Tragedy turns to agony for family caught in visa limbo
By Cynthia Banham
Sydney Morning Herald
4 March 2003

Photo: Ahmad Alzalimy and his wife Sondous Ismail Ibrahim with their daughter Allaa.

For the Iraqi parents who lost three young daughters in the SIEV-X sinking a year and a half ago, life as temporary protection visa (TPV) holders means their suffering continues unabated.

The mother, Sondous Ismail Ibrahim, who a month ago gave birth to a daughter Allaa, cannot visit the site where her children Eman, Zahra and Fatima perished because her visa gives her no right of return to Australia if she leaves.

The visa of her husband, Ahmad Alzalimy, who arrived before his wife, and spent eight months in Curtin detention centre, expired nearly two weeks ago, and he has not heard from Immigration authorities about his application for a permanent visa. His wife's visa will expire in 2007.

Through an interpreter, Keysar Trad, the couple told the Herald they felt a 'deep wound' each time they thought about their three girls.

The uncertainty about their future 'creates a lot of fear' for them, and the mother in particular 'would rather die than leave Australia' because this is closest to where her daughters drowned.

Mr Alzalimy, who has not been able to find a job - TPV holders are ineligible for most employment assistance programs as well as English language programs - said the visas were 'like a prison'. 'One feels like dying from despair.'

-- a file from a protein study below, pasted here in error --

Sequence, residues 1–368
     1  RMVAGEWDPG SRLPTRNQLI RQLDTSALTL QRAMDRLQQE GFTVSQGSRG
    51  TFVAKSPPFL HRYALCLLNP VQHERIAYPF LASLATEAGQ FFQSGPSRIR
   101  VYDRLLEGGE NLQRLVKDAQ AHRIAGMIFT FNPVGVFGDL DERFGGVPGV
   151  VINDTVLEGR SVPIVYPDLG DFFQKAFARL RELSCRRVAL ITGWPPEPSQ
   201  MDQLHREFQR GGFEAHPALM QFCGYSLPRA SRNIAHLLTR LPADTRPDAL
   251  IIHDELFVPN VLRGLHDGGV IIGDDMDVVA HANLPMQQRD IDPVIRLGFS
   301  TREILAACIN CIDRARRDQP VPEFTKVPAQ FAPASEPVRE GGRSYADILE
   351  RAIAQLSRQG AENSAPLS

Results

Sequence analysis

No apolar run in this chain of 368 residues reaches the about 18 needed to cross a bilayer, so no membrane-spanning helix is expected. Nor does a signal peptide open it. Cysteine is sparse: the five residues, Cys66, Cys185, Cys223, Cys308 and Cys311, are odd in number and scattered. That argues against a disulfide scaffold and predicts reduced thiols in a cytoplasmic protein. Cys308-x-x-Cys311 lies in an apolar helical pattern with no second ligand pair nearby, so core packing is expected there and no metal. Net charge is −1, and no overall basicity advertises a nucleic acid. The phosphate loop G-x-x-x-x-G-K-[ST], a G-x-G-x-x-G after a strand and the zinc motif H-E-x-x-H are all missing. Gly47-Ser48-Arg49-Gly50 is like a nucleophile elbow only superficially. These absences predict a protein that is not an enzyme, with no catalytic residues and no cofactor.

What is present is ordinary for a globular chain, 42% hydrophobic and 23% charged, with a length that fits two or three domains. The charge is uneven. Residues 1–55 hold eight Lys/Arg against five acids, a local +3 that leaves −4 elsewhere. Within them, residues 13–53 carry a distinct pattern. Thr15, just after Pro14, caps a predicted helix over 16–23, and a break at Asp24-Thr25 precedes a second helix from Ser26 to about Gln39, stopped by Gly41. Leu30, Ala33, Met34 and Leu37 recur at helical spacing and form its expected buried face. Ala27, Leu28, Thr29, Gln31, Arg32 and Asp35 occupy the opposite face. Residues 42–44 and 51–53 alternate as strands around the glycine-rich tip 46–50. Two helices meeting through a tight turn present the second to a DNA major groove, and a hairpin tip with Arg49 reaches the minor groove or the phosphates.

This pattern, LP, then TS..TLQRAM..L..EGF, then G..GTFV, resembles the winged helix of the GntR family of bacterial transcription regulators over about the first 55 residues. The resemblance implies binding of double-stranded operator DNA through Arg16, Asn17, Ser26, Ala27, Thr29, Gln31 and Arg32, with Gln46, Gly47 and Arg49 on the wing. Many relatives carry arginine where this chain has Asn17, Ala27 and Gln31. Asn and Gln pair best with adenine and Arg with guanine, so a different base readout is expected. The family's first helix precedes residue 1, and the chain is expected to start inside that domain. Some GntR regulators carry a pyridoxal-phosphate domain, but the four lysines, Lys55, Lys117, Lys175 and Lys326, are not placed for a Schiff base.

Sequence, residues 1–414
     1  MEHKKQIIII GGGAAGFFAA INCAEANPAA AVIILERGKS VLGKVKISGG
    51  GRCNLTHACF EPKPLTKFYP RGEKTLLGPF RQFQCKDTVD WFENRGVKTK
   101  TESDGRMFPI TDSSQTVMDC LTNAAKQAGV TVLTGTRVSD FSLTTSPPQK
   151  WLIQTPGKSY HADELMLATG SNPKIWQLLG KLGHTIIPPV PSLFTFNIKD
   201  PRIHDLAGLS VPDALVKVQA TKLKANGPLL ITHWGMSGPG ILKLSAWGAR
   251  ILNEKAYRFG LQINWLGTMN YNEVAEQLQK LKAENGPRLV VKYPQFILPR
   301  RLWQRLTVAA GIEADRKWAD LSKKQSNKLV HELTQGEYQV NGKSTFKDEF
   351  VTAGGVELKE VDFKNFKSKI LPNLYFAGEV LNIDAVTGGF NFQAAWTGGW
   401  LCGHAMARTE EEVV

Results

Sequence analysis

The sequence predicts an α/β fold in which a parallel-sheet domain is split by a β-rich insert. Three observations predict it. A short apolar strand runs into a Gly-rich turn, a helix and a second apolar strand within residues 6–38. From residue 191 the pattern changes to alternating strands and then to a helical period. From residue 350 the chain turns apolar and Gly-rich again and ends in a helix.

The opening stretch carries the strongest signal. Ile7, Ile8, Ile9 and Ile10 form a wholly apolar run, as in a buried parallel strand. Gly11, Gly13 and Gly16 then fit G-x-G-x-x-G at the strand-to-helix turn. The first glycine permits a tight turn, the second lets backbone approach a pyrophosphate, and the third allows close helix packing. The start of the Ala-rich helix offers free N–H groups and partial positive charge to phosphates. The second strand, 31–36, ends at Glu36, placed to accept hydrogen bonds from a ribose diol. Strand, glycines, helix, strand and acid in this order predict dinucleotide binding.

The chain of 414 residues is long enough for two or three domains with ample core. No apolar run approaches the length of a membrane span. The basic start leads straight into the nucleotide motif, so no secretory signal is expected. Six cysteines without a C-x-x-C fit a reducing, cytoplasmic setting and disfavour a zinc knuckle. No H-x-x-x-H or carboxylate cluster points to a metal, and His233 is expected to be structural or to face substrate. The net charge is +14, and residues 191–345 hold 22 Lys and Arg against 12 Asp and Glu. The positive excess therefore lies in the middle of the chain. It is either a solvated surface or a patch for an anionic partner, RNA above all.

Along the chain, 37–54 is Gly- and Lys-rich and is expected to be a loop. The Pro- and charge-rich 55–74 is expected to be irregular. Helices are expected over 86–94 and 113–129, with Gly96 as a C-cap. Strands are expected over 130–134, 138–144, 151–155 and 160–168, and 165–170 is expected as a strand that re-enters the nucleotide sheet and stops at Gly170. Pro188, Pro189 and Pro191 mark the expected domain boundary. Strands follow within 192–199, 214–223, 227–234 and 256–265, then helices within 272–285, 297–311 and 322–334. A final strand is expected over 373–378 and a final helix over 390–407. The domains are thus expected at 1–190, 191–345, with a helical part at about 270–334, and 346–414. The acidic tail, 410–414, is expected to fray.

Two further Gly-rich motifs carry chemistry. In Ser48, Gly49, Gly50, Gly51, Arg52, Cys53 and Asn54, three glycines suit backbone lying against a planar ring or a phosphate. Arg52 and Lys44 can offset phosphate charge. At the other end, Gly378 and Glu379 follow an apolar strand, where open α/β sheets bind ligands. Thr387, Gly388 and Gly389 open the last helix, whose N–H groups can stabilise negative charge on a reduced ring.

The couple's sentiments were echoed by those of an 18-year-old Afghan who arrived in Australia as an unaccompanied minor two years ago, and spent three years in Curtin before being released on a TPV.

The young man is working full-time as a cleaner in a shopping centre in western Sydney to pay for his $4000-a-semester TAFE computer course. TPV holders are also ineligible for Austudy, and have to pay full fees for tertiary study.

A Hazara who fled persecution by the Taliban, he does not know if his parents and six sisters and brothers are alive or dead. His time in detention has left its mark. He remembers the razor wire. Inside, he said, 'I saw a lot of people there who were crying ... people unconscious, fighting, people cutting themselves, people jumping off trees - it was very hard'.

His visa was due to expire in August next year, he said. 'It's very hard for me; I don't know what's going to happen to my future ... Most of the time I'm having nightmares and I dream of my family. I wake up and I'm crying in my sleep.'


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